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Nicole Names splits her time between Worthington and Pipestone as the shared Family Service Agency director for Pipestone and Nobles counties.(Julie buntjer/Daily Globe)

Names settles into new role as Family Service director

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News Worthington,Minnesota 56187 http://www.dglobe.com/sites/default/files/styles/square_300/public/fieldimages/4/0711/10-nicole-names.jpg?itok=MuUjWC9H
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Names settles into new role as Family Service director
Worthington Minnesota 300 11th Street / P.O. Box 639 56187

WORTHINGTON -- She's been in her new role as director of the Pipestone and Nobles county Family Service agencies for just two months, but already Nicole Names is learning that collaboration is the buzz word in southwest Minnesota.

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While there is some collaboration in the northwest part of the state, where she spent the past dozen years working in social services, it isn't as extensive as in southwest Minnesota.

Hired by Pipestone County in early July, Names divides her time between offices in Pipestone and Worthington. The two counties do not have a joint powers agreement for Family Services, and she said there has been no talk of establishing one.

The shared arrangement and work schedule for Names has been going "very well," she said. Though still learning the ropes, she's spent a lot of time these past two months getting to know the agencies and providers that serve southwest Minnesota. She's also spent considerable time collecting information and compiling data for a potential merger with Nobles County's public health and community corrections agencies.

As counties look for more efficiencies, Names said she is also focusing on streamlining and identifying additional efficiencies in the family services agencies. In addition to her position being shared between two counties, three supervisory positions within the Nobles County Family Service Agency also spent a portion of their time working in Pipestone County.

Names oversees a staff of 42 in Nobles County, along with five supervisors, while there are 21 staff members and one supervisor based in Pipestone County.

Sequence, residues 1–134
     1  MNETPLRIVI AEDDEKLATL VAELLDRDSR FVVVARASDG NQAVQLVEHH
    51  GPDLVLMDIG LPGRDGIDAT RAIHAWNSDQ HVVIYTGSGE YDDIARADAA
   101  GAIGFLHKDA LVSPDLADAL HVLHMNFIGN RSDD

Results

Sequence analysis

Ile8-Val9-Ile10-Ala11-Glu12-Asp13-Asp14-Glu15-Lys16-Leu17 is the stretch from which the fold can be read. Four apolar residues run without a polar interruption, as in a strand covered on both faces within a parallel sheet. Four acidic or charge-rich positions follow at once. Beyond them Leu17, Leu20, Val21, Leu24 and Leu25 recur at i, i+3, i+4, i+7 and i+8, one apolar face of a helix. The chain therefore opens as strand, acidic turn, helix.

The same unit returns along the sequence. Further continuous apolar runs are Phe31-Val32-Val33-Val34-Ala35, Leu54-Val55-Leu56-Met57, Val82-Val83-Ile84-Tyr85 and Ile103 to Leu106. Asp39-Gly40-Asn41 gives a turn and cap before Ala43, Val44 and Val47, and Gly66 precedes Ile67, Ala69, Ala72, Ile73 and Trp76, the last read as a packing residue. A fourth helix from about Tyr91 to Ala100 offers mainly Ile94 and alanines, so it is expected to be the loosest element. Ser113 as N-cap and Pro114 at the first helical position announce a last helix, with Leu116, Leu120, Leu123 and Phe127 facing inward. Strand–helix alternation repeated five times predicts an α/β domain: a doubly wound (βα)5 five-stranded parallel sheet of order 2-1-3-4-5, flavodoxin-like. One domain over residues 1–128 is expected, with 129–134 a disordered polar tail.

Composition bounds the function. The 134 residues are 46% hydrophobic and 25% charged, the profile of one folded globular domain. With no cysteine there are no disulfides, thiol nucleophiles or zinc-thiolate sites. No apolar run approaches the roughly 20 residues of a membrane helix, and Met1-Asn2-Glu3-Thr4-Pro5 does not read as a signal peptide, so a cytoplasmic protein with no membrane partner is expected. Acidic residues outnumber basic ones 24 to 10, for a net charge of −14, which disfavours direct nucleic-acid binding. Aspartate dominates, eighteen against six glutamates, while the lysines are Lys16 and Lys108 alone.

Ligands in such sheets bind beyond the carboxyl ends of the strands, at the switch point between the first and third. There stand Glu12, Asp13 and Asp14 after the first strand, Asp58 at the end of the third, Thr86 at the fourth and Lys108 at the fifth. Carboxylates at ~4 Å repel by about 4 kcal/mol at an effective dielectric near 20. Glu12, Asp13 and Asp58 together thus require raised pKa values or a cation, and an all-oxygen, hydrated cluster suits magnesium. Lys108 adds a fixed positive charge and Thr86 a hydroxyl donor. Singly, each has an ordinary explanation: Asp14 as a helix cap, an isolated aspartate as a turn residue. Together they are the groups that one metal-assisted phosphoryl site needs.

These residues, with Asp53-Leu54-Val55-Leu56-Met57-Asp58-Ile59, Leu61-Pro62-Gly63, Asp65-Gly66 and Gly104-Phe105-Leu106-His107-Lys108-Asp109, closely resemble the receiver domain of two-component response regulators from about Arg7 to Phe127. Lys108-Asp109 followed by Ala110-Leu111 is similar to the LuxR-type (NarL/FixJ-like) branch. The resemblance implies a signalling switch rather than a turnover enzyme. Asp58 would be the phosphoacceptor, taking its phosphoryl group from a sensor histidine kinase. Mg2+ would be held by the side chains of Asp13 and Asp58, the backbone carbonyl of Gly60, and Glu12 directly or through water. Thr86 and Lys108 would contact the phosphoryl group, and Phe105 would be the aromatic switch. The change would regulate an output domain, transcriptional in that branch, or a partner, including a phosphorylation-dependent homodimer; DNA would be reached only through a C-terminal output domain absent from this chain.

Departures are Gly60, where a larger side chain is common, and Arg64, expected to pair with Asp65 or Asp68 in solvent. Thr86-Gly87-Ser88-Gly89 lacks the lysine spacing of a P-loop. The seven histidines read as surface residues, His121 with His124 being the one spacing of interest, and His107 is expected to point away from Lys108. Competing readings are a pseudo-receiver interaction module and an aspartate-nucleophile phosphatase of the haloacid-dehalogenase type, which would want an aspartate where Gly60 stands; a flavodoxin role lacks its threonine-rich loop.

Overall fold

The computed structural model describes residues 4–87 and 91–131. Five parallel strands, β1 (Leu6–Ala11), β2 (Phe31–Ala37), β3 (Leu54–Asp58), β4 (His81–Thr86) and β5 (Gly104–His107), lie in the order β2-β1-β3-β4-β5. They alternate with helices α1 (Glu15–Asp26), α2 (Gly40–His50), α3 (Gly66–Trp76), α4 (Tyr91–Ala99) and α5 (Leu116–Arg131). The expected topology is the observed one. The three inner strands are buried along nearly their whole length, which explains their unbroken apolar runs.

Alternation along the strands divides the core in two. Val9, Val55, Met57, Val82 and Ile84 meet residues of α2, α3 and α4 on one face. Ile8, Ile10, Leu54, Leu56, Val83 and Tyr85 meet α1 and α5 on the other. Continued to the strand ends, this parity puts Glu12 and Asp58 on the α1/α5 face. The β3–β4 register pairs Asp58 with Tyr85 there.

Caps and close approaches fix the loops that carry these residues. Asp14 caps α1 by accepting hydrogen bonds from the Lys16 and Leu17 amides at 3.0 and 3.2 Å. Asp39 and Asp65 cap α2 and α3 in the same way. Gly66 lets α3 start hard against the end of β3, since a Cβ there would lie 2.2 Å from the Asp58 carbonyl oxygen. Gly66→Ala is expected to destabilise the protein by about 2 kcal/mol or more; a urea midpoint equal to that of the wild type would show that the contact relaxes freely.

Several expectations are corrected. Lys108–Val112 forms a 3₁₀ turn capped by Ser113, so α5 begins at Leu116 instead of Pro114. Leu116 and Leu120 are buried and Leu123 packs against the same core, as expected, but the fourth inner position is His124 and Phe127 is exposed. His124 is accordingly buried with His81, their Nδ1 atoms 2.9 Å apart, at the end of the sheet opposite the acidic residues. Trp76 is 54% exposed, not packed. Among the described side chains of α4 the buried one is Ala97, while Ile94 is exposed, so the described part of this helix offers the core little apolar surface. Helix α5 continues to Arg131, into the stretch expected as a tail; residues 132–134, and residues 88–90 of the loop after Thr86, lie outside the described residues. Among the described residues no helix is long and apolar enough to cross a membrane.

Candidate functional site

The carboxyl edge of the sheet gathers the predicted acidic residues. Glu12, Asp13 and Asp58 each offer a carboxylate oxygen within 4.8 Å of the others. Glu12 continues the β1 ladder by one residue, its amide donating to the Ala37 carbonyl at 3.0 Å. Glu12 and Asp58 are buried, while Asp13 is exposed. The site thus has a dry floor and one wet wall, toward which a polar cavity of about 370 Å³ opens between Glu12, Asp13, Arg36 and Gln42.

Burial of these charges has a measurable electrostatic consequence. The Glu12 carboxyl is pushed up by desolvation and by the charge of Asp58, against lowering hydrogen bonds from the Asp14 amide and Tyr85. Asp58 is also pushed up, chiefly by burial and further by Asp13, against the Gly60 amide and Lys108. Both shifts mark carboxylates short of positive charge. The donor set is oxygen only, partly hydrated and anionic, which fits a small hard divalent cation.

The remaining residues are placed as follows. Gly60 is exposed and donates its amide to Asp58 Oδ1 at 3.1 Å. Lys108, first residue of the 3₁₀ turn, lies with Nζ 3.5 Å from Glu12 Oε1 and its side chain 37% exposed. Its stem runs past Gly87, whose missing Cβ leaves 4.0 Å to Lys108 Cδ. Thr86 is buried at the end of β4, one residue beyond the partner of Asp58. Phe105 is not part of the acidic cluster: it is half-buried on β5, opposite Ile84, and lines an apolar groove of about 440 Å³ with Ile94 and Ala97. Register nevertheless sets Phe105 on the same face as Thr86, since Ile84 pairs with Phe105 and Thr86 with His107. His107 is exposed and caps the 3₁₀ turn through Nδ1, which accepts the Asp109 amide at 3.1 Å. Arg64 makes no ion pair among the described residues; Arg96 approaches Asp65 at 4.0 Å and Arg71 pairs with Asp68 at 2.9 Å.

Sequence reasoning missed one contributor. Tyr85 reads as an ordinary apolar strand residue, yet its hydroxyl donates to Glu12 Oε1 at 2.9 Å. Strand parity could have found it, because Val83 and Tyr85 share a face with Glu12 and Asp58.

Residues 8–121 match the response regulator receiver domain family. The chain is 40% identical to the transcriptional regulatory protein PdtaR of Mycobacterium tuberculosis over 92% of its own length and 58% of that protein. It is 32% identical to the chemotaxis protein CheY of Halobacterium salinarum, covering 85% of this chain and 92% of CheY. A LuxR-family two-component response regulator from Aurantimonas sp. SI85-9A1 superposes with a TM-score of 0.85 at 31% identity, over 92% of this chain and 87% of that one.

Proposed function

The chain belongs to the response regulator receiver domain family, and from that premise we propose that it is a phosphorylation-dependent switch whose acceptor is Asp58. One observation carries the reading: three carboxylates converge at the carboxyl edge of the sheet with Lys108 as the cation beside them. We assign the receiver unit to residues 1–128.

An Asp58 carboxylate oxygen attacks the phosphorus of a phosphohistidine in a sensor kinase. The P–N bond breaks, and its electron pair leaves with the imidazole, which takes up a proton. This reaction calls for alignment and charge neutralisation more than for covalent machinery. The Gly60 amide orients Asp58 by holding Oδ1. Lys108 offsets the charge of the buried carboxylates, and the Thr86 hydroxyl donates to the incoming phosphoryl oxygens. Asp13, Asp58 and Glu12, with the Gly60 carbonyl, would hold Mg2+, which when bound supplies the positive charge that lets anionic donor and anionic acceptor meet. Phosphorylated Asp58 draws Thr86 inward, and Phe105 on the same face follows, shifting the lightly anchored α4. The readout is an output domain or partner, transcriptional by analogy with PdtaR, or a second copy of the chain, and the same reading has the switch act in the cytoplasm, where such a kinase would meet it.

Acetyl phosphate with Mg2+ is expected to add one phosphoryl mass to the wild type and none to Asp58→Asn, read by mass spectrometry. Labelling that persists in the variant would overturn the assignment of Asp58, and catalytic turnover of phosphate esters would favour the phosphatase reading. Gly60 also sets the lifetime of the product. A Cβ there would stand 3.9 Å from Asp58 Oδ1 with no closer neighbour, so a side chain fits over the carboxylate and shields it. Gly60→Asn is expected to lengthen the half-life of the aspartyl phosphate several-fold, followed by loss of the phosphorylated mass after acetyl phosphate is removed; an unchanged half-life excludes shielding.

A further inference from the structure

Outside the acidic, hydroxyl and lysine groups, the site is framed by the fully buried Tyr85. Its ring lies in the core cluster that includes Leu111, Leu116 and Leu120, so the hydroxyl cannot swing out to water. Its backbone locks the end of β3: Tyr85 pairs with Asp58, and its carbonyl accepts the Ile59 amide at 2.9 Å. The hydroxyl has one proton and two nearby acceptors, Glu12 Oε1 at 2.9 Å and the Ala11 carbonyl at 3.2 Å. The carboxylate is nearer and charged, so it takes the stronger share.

In her first role as an agency director, Names said she has been appreciative of the help offered by fellow cohorts in the Regional Directors Group.

"That's very nice to have a group of directors who will mentor me," she added.

Though clients served by the agency vary from county to county -- especially between Pipestone and Nobles -- Family Services' core programs are the same. They provide people in need with food, financial and medical assistance, offer child protection, mental health and welfare programming, and assist in child support issues including paternity establishment and enforcement of child support petitions. The agency also does child and adult foster care licensing, as well as daycare licensing.

"One of the goals of Family Service is to help families live as safely and independently as possible by providing support and services," Names said.

Family Service agencies across the state may take on a new look in the future. Gov. Tim Pawlenty called for a Minnesota Redesign, which outlines the establishment of 13 regional centers around the state to deliver family services to the public.

"That isn't being developed, but what is happening is collaboration," Names said. "Around the state you see multi-county collaboration. My perception is that will continue to happen."

A native of Crookston, Names and her family -- husband Mitch and daughters Grace, 9, and Gretta, 6 -- now live in Luverne. Mitch works for CRC Seamless in Sioux Falls, while the girls are students at Luverne Elementary School.

After graduating from Concordia-Moorhead, she worked with children and adults with disabilities briefly, and then worked two years with Anoka-Hennepin Schools with student services. The past 12 years were spent with Clay County Social Services, doing child protection, case management and adoptions for the first six years, and then supervision of child protection and licensing for the last six years.

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Julie Buntjer
Julie Buntjer joined the Daily Globe newsroom in December 2003, after working more than nine years for weekly newspapers. A native of Worthington and graduate of Worthington High School, then-Worthington Community College and South Dakota State University, she has a bachelor's degree in agriculture journalism. At the Daily Globe, Julie covers the agricultural beat, as well as Nobles County government, watersheds, community news and feature stories. In her spare time, she enjoys needlework (cross-stitch and hardanger embroidery), reading, travel, fishing and spending time with family. Find more of her stories of farm life, family and various other tidbits at www.farmbleat.areavoices.com.
(507) 376-7330
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